With more organisations moving their core business to consumer directed funding models such as NDIS and My Aged Care, change is in the air – for providers and their clients and beneficiaries. For the first time, clients hold the purse-strings – and with them, the chance to exercise true choice and control over the services they receive. For the first time, individuals – not the government
– are the customer.
For a customer-driven market to thrive, there must be sufficient choice available from a range of providers, offering services that fulfil genuine community needs in a way that’s sustainable, ethical, and generates positive social impact.
We’ve all heard of the expression – don’t put all your eggs in one basket. It’s a valid expression with merit. If you earn all your income from just one source and that goes away, then it’s highly likely that your organisation will go away too. So does that mean you should diversify your income? Not necessarily.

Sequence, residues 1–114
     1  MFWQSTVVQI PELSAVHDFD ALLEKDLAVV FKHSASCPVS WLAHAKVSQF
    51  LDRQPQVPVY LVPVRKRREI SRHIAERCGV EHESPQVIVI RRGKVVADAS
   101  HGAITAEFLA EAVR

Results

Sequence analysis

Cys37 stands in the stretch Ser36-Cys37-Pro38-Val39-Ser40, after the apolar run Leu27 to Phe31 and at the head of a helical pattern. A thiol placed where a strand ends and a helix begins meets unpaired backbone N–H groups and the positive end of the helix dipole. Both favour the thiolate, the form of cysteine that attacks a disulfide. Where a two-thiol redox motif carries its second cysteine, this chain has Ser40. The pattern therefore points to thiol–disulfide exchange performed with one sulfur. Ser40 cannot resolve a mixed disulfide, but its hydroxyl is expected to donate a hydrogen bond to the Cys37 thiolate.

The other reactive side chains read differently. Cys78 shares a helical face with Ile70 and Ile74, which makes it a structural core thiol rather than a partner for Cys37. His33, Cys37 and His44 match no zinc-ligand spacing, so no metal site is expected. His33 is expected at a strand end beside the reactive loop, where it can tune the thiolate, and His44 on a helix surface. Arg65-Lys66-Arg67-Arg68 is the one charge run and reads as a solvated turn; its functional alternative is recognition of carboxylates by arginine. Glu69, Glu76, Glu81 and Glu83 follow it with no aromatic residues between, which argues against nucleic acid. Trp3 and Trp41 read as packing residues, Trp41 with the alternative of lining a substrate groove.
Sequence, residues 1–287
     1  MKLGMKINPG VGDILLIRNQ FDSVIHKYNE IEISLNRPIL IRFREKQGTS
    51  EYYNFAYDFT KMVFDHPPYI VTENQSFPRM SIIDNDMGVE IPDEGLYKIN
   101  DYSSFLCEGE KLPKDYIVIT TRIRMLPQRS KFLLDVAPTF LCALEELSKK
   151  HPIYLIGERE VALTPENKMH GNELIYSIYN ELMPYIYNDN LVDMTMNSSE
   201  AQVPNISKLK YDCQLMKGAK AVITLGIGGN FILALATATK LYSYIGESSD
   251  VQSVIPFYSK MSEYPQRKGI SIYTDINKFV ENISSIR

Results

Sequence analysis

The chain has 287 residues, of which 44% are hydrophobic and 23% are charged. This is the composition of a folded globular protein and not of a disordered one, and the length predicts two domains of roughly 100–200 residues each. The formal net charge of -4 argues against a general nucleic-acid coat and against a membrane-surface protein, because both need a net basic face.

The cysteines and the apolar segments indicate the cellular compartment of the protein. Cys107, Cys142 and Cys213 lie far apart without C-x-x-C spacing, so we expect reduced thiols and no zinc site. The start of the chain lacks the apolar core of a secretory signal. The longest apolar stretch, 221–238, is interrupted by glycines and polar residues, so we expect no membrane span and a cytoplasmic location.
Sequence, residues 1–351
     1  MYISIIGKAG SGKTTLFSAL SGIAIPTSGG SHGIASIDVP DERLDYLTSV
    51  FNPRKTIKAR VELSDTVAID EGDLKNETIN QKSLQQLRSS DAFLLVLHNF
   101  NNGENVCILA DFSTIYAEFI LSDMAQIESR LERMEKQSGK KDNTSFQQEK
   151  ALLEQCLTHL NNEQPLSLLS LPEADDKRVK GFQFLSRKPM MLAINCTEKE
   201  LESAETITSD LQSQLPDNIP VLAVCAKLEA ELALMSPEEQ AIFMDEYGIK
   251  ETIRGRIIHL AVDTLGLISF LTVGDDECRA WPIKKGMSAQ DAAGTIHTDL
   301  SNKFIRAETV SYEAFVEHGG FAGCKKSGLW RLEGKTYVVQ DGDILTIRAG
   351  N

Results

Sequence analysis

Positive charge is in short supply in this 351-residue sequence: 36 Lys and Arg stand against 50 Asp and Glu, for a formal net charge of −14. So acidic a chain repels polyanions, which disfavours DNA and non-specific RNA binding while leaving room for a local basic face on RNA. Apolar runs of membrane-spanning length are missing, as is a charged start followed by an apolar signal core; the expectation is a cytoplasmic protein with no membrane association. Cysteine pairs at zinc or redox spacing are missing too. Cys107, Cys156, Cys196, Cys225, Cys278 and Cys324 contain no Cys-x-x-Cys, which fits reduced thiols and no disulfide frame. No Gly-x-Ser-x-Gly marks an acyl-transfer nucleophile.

Before we jump into whether or not you should diversify the income of your organisation, we should cover what diversification of income is.
Income can be diversified in two ways
1 Different providers of the income
These are the actual people and organisations who hand over their money to your organisation. The two extremes here would be one customer vs thousands of customers. It worth noting that we are talking about people and organisations that provide income to your organisation and as such this includes grants and donations. Another way to look at this may be one annual grant vs 20 annual grants.